We are committed to upholding animal welfare across every step of our supply chain to ensure the animal products we sell are derived from animals that receive industry leading levels of care and treatment. Our Animal Welfare Policy provides guidance for producers and suppliers of animal-derived goods and services during production, transport, and slaughter. We are working with our private-label manufacturers to source palm oil that is sustainably certified, starting with private-label food products in North America and Europe.
At Whole Foods Market, we sell high quality natural and organic foods. We research ingredients and audit sourcing practices to make shopping easier for customers. In our meat department, Whole Foods Market standards prohibit antibiotics and added hormones, and no cages, crates, or tethers are permitted during the animal’s daily life. Our seafood department sources only sustainable wild-caught and Responsibly Farmed seafood. The Whole Foods Market Whole Trade seal, found on produce and other items, means a product must meet criteria that support both workers and the environment.
Amazon devices make every day easier by helping customers watch, read, listen, and control their smart homes. Our most popular devices include Echo and Alexa devices, Fire Tablets, Fire TVs, Kindle e-readers, and home security products (Ring, Blink, etc.). We take a scientific approach to understanding the environmental impact of these devices, completing detailed life-cycle assessments (LCAs) for many of them. LCA is an internationally-accepted methodology for assessing the environmental, human health, and natural resource impacts of products and services.
An LCA takes inflows from nature—raw materials, water, energy—and converts them into the process outputs and environmental impacts—releases to air, land, and water—for all processes that represent over 5% of total impact, energy use, or product mass. We use LCA to identify science-based environmental impacts across raw materials extraction, manufacturing, transportation, product use, and product end-of-life. These results help us improve device energy efficiency, research and prototype new materials, and explore additional opportunities to improve the circularity of Amazon devices through programs like Amazon Trade-In and Amazon Device Recycling.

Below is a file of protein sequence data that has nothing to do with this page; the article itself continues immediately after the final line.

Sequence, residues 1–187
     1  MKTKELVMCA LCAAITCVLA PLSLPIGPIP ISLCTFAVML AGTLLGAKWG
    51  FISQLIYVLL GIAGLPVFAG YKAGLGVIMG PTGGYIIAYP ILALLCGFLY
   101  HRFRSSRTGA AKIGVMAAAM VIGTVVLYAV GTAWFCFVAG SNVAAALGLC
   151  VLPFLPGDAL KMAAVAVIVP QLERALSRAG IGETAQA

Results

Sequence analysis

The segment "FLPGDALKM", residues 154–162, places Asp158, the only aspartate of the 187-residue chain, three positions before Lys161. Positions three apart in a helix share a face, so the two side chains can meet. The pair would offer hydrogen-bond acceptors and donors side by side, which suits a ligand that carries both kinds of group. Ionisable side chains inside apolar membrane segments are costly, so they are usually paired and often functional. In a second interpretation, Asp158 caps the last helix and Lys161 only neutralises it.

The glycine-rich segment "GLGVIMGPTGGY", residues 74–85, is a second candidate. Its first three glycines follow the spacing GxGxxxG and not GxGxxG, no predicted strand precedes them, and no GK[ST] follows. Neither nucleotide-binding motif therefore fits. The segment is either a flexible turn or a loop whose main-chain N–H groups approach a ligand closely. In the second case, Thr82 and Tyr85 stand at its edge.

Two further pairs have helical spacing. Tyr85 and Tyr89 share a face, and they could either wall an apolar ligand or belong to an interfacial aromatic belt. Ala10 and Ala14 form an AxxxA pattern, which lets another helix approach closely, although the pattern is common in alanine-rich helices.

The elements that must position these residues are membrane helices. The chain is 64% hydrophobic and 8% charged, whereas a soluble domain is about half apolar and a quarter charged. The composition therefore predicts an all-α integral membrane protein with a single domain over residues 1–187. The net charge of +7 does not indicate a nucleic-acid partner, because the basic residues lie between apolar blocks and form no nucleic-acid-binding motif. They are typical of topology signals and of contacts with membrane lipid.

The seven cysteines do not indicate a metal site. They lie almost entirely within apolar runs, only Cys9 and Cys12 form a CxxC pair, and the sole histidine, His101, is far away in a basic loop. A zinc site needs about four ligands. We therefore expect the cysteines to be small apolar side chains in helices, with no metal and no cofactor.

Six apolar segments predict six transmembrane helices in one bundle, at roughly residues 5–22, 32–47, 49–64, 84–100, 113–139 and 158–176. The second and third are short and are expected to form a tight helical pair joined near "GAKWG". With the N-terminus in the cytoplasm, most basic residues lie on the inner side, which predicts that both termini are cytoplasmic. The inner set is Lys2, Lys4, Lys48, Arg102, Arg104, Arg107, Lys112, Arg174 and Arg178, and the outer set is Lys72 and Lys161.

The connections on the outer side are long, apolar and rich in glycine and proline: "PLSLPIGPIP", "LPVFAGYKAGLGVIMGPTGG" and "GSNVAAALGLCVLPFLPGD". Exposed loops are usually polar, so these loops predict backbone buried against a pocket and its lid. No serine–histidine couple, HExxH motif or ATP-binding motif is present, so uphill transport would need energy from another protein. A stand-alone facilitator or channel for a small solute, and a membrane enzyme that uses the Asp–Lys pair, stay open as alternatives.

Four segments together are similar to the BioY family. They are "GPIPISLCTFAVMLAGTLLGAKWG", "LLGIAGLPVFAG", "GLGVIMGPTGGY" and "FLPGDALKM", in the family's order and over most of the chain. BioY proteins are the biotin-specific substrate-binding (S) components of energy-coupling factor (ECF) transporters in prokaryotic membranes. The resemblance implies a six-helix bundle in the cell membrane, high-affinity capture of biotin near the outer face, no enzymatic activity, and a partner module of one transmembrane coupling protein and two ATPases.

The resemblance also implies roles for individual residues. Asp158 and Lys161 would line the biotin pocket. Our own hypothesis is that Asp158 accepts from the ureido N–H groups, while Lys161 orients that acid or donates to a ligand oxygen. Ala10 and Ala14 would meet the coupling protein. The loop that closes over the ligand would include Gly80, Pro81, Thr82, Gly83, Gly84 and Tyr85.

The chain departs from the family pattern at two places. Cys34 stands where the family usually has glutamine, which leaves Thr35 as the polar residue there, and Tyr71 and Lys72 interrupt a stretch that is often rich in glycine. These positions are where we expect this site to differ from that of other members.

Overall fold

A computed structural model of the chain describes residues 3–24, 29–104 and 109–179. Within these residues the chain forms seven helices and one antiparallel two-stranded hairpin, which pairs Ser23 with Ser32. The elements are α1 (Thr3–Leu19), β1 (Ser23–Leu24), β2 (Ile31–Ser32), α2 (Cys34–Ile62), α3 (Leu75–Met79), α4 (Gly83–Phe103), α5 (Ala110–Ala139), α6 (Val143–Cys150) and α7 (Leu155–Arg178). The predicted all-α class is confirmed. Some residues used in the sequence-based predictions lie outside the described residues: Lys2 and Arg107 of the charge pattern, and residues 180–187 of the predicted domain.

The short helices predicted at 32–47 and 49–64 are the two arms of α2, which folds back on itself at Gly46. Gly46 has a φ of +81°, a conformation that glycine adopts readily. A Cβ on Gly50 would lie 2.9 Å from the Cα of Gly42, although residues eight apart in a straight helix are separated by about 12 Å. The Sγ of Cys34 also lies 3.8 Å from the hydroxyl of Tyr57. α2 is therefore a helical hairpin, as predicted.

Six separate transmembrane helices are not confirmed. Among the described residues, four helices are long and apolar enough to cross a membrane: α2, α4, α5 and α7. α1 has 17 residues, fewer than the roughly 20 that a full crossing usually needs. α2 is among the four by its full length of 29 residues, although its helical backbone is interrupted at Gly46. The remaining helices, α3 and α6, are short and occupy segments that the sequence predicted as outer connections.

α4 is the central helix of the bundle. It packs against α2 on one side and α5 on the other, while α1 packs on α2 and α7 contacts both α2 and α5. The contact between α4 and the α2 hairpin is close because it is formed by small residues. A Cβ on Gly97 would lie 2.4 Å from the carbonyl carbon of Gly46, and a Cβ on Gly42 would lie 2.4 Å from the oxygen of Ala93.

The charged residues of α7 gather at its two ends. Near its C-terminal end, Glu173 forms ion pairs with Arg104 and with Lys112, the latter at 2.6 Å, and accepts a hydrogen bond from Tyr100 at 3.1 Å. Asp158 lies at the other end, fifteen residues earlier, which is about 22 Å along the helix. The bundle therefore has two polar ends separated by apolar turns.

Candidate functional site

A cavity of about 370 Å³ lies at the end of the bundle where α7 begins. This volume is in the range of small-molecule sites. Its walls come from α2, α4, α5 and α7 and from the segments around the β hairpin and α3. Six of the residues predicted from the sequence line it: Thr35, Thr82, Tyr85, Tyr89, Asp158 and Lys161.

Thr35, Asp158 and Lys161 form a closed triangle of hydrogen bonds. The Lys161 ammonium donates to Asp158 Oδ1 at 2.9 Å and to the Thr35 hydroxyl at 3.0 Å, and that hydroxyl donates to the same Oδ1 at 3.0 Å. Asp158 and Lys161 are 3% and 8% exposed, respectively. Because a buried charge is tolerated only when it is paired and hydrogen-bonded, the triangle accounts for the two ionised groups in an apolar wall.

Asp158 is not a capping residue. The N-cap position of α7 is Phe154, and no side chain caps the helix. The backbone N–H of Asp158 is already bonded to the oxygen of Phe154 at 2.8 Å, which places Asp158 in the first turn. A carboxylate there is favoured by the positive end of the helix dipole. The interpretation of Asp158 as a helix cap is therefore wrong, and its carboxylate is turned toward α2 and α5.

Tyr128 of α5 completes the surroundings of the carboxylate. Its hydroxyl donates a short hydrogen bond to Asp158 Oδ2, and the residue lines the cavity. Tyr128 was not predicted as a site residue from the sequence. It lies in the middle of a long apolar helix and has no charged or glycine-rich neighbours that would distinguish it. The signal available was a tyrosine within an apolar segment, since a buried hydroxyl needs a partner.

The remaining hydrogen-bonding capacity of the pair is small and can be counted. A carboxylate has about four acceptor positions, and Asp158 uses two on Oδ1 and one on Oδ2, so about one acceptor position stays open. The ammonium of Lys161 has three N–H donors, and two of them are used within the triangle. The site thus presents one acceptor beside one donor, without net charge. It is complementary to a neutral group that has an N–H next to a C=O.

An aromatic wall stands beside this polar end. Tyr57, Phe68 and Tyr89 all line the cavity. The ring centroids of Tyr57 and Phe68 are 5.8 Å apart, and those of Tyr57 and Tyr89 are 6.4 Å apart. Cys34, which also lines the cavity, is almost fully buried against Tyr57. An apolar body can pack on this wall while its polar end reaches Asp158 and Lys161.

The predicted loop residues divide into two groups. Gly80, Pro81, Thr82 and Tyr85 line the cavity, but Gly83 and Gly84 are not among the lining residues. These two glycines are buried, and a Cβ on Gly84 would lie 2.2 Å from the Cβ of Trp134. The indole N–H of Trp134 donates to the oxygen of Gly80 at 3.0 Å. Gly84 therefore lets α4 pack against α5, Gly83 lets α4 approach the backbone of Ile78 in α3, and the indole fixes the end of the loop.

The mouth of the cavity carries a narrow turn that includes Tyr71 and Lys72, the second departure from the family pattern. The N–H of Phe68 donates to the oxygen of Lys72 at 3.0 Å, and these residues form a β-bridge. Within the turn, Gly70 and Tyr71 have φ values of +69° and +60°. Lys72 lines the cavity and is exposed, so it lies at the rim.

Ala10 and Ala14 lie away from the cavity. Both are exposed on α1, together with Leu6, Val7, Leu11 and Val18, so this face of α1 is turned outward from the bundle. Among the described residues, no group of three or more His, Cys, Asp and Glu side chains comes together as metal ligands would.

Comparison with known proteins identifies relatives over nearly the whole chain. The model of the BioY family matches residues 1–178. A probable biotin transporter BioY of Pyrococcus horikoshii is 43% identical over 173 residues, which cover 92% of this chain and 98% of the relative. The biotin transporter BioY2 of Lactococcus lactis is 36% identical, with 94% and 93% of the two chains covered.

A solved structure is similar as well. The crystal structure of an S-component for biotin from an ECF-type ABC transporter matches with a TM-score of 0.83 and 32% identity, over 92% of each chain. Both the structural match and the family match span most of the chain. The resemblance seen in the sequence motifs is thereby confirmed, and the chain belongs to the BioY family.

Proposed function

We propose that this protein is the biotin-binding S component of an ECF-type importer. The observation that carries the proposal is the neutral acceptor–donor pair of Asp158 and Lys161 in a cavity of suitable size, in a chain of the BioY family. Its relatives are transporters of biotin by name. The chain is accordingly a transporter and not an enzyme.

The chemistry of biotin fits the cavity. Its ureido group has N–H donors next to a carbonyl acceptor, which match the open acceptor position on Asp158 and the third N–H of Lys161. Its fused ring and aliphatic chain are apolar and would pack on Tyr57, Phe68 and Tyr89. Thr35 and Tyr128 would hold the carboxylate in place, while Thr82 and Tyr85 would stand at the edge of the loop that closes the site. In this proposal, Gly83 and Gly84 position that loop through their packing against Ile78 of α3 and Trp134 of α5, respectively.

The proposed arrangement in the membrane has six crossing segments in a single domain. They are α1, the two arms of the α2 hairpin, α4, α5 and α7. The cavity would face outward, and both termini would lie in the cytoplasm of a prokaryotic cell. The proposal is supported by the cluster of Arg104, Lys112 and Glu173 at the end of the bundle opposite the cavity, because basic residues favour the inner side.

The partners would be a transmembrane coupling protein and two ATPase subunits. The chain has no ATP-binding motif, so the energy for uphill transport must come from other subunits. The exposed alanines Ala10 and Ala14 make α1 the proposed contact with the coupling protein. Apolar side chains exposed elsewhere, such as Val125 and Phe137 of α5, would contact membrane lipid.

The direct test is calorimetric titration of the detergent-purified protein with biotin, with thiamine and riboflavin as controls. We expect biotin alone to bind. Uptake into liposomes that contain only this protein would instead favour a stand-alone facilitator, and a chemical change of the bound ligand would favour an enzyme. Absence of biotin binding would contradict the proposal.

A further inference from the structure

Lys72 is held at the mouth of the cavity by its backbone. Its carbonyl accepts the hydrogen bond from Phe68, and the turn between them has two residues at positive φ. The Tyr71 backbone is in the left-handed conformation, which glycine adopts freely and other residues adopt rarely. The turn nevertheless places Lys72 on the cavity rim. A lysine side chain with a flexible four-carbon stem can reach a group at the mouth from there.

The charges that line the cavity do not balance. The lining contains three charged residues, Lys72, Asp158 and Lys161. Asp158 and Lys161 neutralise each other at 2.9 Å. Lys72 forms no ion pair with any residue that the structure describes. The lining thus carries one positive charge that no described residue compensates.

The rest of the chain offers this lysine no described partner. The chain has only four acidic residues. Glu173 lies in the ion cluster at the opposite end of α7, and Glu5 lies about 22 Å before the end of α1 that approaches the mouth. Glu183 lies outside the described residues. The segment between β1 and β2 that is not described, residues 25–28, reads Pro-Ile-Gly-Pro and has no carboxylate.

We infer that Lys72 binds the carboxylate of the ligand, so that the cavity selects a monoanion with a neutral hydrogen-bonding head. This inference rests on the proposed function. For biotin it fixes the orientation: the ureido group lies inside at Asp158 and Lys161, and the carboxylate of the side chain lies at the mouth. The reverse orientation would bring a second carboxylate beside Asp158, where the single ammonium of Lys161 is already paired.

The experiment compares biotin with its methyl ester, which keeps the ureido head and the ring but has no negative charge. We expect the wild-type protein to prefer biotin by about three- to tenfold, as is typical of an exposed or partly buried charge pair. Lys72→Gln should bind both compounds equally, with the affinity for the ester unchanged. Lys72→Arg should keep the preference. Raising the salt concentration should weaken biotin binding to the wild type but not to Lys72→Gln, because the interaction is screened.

Amazon brands offer home goods and apparel, including men’s and women’s fashion, bedding, and baby accessories. We aim to use high-quality, sustainable cotton for many categories, and have joined the Better Cotton Initiative (BCI). The BCI aims to transform cotton production worldwide by developing Better Cotton as a sustainable mainstream commodity.
Additionally, in 2019 we signed the Responsible Sourcing Network’s public Cotton Pledge, committing not to source cotton from Turkmenistan and Uzbekistan until the use of government-mandated forced labor is stopped.
We are continuing to refine and strengthen our commitments to responsible sourcing. In the future, we will expand our Restricted Substance List to include additional brands, product categories, and geographies. We will work to further develop sustainable products that customers can trust are safe for their families and for the planet.